Michael O’Sullivan is the executive director in Georgia, a position he’s held since 2012. In this role, he works to improve the quality of education in the state through the enactment of student-centered policies. He entered this role with a background in advocacy, elections and organizing, developed from the numerous political campaigns he has worked on over the years, including the 2012 Georgia Charter School Amendment. Prior to his campaign work, Michael spent six years as the director of legislative affairs for the Georgia Secretary of State.
Michael is a proud graduate of the University of Georgia, where he earned his bachelor’s degree in economics. He currently resides in Marietta with his wife and two young children.
I aspire to be like my father. Here’s why:
I try to replicate the traits I’ve learned from him – hard work, strength, loyalty and kindness. He’s someone who puts his all into his work. Whether as a husband, father, friend or co-worker, I aspire to be like him.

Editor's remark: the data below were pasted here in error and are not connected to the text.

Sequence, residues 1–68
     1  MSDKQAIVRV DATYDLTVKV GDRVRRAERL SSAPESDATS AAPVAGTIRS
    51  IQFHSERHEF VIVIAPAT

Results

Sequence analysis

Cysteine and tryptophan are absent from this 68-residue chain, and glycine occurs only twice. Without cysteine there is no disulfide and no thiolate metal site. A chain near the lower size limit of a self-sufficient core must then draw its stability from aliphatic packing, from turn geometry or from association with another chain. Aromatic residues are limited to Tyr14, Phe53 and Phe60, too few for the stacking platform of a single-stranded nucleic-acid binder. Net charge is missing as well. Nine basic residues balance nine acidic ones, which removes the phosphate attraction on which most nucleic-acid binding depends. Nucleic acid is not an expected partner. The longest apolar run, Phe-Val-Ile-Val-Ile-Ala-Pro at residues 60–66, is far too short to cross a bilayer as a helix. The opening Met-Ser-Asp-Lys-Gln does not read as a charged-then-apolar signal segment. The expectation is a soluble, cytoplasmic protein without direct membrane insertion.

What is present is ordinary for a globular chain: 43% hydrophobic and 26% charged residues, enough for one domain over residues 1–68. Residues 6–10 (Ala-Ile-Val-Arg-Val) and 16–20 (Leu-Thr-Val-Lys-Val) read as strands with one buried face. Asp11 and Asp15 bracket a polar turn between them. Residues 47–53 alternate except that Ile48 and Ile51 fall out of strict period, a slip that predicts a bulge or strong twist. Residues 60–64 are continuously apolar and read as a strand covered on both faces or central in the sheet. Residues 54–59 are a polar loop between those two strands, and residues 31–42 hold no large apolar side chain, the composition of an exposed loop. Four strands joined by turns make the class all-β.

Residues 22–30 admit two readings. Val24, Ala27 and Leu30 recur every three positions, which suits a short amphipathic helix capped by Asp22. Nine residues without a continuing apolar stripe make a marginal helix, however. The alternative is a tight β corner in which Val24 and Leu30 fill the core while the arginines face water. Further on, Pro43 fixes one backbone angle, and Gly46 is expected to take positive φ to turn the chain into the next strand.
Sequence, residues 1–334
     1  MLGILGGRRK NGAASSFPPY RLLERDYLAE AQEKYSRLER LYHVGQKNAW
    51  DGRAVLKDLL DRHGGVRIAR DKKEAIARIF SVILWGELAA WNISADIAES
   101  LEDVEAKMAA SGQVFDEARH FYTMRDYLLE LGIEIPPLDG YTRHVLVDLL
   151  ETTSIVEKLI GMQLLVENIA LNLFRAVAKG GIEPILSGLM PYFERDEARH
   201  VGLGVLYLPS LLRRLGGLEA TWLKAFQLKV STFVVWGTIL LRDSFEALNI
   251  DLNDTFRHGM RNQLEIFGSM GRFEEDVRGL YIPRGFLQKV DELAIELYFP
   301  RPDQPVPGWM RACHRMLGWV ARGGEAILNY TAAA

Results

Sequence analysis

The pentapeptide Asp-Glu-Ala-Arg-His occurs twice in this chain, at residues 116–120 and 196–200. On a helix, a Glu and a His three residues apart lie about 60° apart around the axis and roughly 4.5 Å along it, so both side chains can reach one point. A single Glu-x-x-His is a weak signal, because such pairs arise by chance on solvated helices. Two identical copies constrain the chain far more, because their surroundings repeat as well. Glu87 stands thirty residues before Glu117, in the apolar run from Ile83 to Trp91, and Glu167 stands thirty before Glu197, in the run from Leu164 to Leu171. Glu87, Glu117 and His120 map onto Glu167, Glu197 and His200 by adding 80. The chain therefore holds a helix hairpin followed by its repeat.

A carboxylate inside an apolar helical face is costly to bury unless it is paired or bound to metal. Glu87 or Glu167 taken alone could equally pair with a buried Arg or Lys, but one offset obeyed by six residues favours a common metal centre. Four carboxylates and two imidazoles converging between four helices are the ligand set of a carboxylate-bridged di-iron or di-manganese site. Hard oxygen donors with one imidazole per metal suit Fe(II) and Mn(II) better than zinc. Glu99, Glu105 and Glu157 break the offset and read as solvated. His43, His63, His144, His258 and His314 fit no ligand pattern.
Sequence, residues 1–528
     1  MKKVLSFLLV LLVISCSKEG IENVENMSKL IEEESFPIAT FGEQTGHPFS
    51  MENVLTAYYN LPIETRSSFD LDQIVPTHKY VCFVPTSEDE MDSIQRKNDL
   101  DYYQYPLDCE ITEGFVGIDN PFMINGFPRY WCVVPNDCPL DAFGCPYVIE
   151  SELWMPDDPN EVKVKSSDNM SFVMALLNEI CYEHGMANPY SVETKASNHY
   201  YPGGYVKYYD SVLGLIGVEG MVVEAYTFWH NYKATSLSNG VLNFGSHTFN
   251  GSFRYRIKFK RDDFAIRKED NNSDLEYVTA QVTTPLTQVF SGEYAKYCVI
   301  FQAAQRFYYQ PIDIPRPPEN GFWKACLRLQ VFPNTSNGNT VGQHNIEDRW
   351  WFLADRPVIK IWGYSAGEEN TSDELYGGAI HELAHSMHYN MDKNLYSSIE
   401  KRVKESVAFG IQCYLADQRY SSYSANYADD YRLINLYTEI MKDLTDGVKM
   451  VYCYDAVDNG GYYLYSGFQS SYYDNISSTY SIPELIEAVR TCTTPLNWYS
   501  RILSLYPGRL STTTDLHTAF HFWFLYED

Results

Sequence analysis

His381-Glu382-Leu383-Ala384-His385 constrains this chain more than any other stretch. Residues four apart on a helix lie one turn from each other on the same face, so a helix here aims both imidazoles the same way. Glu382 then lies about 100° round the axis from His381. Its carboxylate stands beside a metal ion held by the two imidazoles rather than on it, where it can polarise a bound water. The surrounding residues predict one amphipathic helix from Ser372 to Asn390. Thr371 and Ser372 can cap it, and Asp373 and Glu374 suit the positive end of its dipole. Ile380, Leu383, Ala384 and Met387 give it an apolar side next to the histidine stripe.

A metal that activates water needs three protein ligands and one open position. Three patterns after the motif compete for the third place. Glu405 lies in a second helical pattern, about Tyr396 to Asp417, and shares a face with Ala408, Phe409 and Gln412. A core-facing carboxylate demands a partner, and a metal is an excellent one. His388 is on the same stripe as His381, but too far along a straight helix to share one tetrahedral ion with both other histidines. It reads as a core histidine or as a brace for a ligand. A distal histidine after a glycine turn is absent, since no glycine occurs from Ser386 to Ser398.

Why I love my job:
I get to do something meaningful. The work we do impacts so many and is incredibly important. The knowledge that I can help improve education for so many kids is what drives me to give everything I have to this cause.
My connection to public schools:
I’m the son of a public school principal and brother of two educators. I suppose it shouldn’t be a surprise that, while I took a rather circuitous route through politics, I ended up in this field.
What I’m bad at:
Saying no. If there’s a way I can help someone or be a part of something meaningful, I’ll probably try to find a way to say yes.
The image that represents why I work at 50CAN:
Image source: bit.ly/295G8Gh (cc)
When I first started working in education advocacy, “Kids can’t wait” was our motto. But it’s also what I’ve truly come to believe. There are thousands of children all across the state who need our help—kids who are trapped in failing schools or schools that simply don’t work for them. There are no timeouts in education and the clock doesn’t stop for them either.